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I'm designing a complex web application and my colleague believes that using a tab panel is a bad idea. I'm more ambivalent.

Can anyone point to evidence (anecdotal or research-based) that could help clarify whether I should I avoid this practice.

I've provided an example below.

Tab Example

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how do you think the visual design will help? –  Pattoin Apr 28 '10 at 10:19

8 Answers 8

Wow, I am going to be the only one to answer this way: It's fine in the right context!

Your example is the wrong context. Steps in a wizard are not tabs. However, it's fine to use tabs within tabs if you follow the rules::

  1. Each level of tabs should visually differentiate themselves so its clear what level of organization you are working on.
  2. Limit number of tabs. Infinite is bad. 5 is the max. (Shown below).
  3. "ON" states should be extremely clear. Use a hot color to make sure its obvious. The user should know where they are at all times without any thinking.
  4. Don't skimp on information architecture. Tabs are a function of organization. Be creative and make sure the organization is intuitive.
  5. Make sure the tabs are really tabs, and not steps. (Your example)

Complex Example. A B2b Application with intense navigation and a lot in it.

enter image description here

Another example, from an application I designed in 1998:

enter image description here

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I agree, with some caveats. See my answer, elsewhere on this page. –  JeromeR Apr 29 '10 at 2:56
    
I'd make tabs actually look like tabs. They're supposed to look like card index card tabs with curving upper edges - so that this triggers the 3D visual effect of the tabbed pages actually being in front of each other. Like this:metoffice.gov.uk/weather –  PhillipW May 23 '11 at 21:27

Nested tabs are in violation of the Windows User Experience Interaction Guidelines for Windows 7 and Windows Vista (see pg182). This includes combining horizontal tabs with vertical tabs in the same window. Chances are they have plenty of evidence for forbidding this. The issue is that users can easily become confused on what page of what tab they're on, and get mixed up on where to click.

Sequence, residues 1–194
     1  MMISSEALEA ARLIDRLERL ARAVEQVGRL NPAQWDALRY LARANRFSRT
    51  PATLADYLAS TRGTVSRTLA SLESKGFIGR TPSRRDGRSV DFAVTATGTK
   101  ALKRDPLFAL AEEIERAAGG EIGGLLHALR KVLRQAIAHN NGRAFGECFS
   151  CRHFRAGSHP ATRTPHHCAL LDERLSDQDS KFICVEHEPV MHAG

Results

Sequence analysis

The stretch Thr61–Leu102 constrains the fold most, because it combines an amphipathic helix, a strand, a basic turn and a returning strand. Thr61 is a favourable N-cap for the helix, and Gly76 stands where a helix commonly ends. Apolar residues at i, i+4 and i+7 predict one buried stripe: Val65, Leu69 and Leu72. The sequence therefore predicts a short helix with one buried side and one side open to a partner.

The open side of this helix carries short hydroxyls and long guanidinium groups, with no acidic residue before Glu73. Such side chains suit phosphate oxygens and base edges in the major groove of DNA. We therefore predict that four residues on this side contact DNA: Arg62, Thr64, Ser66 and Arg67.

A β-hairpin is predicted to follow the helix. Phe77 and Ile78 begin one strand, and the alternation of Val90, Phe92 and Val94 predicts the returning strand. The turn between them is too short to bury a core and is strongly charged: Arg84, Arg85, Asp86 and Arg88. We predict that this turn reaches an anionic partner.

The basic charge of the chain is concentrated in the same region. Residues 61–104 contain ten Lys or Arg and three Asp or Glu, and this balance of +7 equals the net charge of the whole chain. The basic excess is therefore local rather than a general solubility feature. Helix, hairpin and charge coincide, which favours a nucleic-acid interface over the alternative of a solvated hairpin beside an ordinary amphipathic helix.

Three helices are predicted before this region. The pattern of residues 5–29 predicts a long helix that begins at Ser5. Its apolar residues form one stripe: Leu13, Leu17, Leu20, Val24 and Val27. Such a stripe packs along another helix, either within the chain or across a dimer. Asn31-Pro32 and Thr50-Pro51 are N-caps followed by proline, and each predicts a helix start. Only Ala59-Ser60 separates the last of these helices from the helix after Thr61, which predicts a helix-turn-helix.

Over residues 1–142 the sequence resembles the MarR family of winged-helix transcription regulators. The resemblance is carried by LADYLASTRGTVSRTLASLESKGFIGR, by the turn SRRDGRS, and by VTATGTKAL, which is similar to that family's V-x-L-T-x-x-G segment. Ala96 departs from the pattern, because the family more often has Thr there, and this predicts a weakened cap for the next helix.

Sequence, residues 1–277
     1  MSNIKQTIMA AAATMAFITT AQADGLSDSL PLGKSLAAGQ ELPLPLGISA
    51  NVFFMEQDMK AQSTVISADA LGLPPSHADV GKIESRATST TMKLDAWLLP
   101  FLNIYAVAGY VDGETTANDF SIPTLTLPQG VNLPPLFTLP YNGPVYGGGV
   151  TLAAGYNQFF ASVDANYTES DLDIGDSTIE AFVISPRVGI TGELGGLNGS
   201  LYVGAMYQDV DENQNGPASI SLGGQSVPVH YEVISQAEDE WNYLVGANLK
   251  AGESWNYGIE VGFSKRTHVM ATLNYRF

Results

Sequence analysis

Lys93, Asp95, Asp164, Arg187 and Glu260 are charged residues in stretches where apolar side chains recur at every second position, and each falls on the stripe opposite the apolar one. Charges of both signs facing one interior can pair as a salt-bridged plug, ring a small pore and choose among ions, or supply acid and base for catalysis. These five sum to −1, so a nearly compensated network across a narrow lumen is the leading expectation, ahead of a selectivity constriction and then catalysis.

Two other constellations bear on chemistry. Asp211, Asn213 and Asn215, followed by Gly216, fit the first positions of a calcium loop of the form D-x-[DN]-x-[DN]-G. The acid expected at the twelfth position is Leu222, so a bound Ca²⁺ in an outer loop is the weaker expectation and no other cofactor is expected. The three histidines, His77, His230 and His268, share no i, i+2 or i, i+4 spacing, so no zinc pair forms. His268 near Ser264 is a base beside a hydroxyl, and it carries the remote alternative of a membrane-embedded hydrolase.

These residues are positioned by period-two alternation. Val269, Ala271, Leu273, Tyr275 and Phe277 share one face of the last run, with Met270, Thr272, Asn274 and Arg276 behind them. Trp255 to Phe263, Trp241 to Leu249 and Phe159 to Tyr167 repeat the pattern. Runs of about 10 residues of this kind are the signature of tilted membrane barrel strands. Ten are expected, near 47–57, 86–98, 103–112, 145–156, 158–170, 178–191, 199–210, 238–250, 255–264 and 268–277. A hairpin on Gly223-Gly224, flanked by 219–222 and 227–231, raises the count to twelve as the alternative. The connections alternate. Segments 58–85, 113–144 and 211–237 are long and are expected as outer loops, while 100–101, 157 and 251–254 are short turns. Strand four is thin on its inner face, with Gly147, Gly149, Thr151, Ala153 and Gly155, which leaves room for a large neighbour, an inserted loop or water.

The only reason to nest tabs is if you have hierarchically organized information. However, there are plenty of other options for navigating hierarchical information. Breadcrumbs and trees come immediately to mind.

In your example, I'm not sure you really have hierarchical information. Are users going to be jumping back to arbitrary Steps from Sub-Steps? And if so, how often is it going to be to the default/last-visited Sub-Step of that Step? Is there any reason to distinguish between Steps and Sub-steps? Why not just make them all Steps? If you need to provide some conceptual framework, maybe it’s sufficient to do that with static text (e.g., “Design your cyborg (Steps 1-5), Program your cyborg (Steps 6-8), Wreak havoc with your cyborg (Step 9)”)

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User experience is all about context, so its possible that there may be situations where tabs within tabs might make sense and if properly implemented could provide a good user experience.

However, as a general rule, I think it's something that should be avoided unless you have evidence to show that it is the most appropriate solution for the situation in hand.

With regard to the specific context in which you want to use nested tabs (your example), I think they are completely inappropriate and nonsensical! Tabs enable random access (to the contents of the tabs), but you are trying to implement a (linear) step-based process so even a single set of tabs for the steps would be the wrong (navigation) tool for the job, let alone nesting tabs within tabs!